Glial fibrillary acidic protein is an established indicator of retinal stress. Increased GFAP expression in macroglia has been described in human retinas with AMD.34 In the normal mammalian retina, GFAP is marginally detectable in Müller cells.35,36 When under stress, activated Müller cells express GFAP. Neovascularization during hypoxic conditions is mediated by Müller cells via their release of VEGF and transforming growth factor β or via their direct contact to endothelial cells.37 Activation of Müller cells in the retinas of VLDLr knockout mice may contribute to the strong expression of VEGF in the lesion area.

It is believed that breaking the balance between angiogenetic stimulators and inhibitors, especially between VEGF and PEDF, leads to neovascularization. Pigment epithelium–derived factor is a potent and broadly acting neurotrophic factor and angiogenic inhibitor, which inhibits proliferation of endothelial cells.38 It was reported recently that extracellular phosphorylation converts PEDF from a neurotrophic to an antiangiogenic factor.39 Decreased expression of PEDF during active neovascular episodes in VLDLr mutants was reported,28 whereas an increase in the expression of PEDF was observed in the initial stage of angiogenesis in the retina of this animal.27 The present data show that a decrease in PEDF expression can only be localized in neovascular areas, whereas PEDF expression in the normal retina is intact, with no significant change in whole retinal PEDF expression detected by Western blot and RT-PCR. Significantly increased PEDF expression at the initial neovascularization stage might be the result of a protective mechanism that tries to inhibit the pathologic angiogenesis, whereas in the late stage of neovascularization, a strong decrease in the expression of PEDF can be explained by the protective mechanism being disrupted in VLDLr mutant mice. At 4 to 6 weeks of age, VLDLr knockout mice might be at a transition stage in which the level of PEDF transits from the initial high level to a later low level. Further experiments are needed to carefully characterize the regulation and expression of different types of PEDF in the process of pathologic neovascularization in VLDLr knockout mice.

The MAPK/Akt/NF-κB signaling cascade is important for mediating diverse cellular responses to growth factors, physical and chemical stresses, and inflammatory cytokines.40,41 In the present study, activated MAPK levels in the retinas of VLDLr knockout mice were significantly elevated, suggesting an angiogenic role for MAPK in retinal neovascularization in this mouse model. It is known that MAPK is involved in transcriptional regulation of proinflammation cytokine expression.42 On activation of MAPK, transcription factors present in the cytoplasm or the nucleus are phosphorylated and activated, leading to the expression of target genes, and resulting in a biological response. Indeed, the translocation of NF-κB from the cytoplasm to the nucleus was observed in the retinas of VLDLr knockout mice in the present study, indicating activation of NF-κB, and leading to the expression of target genes. It has also been demonstrated that Akt is responsible for the activation of NF-κB during inflammatory processes.43 Furthermore, the involvement of Akt in inflammatory processes has been suggested in patients with nonbacterial inflammation of the nervous system.44 The increased activation of Akt in the retinas of the VLDLr knockout mice may also play a role in the pathogenesis of neovascularization.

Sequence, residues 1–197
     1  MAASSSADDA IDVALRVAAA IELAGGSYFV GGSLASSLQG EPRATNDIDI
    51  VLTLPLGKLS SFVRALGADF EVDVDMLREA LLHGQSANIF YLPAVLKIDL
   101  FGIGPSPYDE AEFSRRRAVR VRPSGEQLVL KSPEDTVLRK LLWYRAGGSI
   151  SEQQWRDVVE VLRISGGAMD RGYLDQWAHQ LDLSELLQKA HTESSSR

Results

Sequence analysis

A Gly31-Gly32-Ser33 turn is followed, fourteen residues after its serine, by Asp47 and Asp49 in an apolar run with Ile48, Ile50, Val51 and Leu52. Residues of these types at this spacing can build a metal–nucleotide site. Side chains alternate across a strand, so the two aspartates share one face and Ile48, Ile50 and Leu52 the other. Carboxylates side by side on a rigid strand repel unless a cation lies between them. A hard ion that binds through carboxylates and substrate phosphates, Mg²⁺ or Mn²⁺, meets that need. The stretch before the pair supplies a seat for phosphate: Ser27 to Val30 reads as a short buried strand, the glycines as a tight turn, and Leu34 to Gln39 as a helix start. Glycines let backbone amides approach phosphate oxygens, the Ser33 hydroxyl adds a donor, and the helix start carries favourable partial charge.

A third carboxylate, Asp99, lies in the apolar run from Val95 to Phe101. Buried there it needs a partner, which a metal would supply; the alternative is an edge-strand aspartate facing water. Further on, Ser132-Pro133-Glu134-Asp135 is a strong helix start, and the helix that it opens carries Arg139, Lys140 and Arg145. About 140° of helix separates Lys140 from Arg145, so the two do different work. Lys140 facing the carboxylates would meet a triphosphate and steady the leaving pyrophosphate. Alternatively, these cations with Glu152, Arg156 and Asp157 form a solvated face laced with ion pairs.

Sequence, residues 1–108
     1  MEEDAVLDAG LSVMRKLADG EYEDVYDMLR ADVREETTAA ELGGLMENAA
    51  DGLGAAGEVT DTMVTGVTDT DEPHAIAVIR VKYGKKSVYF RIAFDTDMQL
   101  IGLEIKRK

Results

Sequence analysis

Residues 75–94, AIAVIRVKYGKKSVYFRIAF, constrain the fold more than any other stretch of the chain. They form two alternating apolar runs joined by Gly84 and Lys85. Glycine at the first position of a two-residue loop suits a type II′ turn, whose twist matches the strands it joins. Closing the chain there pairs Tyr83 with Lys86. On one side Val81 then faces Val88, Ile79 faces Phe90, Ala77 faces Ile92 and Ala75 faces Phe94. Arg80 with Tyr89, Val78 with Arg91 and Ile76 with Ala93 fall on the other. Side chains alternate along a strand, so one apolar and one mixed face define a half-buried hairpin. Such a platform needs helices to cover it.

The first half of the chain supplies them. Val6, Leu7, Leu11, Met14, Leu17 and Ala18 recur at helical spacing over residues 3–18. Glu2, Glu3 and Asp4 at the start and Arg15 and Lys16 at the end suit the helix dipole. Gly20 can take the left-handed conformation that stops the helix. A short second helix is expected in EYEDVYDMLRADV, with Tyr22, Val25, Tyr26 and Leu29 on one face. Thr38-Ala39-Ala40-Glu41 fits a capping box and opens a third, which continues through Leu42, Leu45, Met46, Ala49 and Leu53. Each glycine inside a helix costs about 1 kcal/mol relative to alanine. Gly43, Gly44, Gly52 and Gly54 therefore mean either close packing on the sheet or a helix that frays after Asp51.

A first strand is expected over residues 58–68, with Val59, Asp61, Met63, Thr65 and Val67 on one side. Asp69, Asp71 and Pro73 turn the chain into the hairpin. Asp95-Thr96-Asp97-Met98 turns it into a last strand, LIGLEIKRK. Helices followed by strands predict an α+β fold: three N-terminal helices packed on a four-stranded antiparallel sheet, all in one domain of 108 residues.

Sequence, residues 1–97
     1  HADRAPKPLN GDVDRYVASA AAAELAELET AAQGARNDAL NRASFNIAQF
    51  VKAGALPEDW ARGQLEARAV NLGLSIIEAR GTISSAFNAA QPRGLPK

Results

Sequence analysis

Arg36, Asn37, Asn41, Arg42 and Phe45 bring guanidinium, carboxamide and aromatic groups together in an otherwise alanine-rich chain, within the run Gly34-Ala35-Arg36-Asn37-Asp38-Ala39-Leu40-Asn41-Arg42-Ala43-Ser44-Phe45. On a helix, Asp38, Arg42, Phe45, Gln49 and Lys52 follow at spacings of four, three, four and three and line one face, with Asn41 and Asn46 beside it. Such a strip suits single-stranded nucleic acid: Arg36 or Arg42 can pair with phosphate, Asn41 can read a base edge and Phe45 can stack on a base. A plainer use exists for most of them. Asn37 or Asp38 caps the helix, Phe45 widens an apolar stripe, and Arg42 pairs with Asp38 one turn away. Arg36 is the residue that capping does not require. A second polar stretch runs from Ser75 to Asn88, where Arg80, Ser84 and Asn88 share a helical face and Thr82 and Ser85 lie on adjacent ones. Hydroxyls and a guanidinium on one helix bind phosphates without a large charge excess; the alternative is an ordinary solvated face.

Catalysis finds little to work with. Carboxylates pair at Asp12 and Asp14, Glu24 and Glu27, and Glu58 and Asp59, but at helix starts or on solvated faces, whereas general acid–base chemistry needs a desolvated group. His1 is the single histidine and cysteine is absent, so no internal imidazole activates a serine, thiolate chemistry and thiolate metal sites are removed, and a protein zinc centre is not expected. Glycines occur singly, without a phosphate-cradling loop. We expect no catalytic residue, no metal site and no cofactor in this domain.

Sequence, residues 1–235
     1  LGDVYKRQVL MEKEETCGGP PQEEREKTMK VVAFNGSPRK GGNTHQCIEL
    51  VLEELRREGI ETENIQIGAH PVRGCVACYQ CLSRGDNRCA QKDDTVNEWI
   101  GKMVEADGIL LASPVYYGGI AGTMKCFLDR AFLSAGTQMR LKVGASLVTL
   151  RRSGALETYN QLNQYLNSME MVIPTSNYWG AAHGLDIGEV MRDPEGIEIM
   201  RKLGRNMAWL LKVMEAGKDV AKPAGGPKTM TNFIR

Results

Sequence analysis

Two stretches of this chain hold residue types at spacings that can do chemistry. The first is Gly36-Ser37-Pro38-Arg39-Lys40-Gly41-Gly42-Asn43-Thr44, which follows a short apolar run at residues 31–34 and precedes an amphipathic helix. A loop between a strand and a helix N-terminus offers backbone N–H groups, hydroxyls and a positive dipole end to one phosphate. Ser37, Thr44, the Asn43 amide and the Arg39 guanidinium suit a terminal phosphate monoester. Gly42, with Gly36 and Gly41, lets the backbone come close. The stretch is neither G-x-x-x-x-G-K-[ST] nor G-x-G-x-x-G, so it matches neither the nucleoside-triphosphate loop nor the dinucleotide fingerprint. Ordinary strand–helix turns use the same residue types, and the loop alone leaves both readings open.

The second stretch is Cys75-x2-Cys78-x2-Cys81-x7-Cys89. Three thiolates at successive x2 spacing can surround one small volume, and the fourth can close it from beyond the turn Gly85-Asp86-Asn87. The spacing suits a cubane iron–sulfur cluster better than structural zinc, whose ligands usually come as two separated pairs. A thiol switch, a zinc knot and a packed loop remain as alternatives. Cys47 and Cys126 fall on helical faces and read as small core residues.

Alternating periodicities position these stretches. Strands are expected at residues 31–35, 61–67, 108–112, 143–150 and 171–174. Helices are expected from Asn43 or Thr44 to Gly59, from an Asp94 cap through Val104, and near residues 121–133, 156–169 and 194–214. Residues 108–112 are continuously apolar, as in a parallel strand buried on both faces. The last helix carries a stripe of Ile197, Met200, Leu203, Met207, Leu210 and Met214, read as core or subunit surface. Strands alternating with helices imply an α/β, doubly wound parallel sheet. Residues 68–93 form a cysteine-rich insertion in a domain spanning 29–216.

Intercellular adhesion molecule-1 plays an important role in the inflammatory response.45 Correlation between IL-18 and ICAM-1 has also been reported in autoimmune diseases.46 It has been suggested that the higher level of ICAM-1 protein in the macular area may impart greater susceptibility of the macula to immune cell–mediated damage in AMD in humans.47 We demonstrate that the expression of ICAM-1 was significantly greater in the retinas of VLDLr knockout mice before significant development of intraretinal neovascularization, suggesting that ICAM-1 may be involved in early angiogenesis in the retinas of VLDLr knockout mice.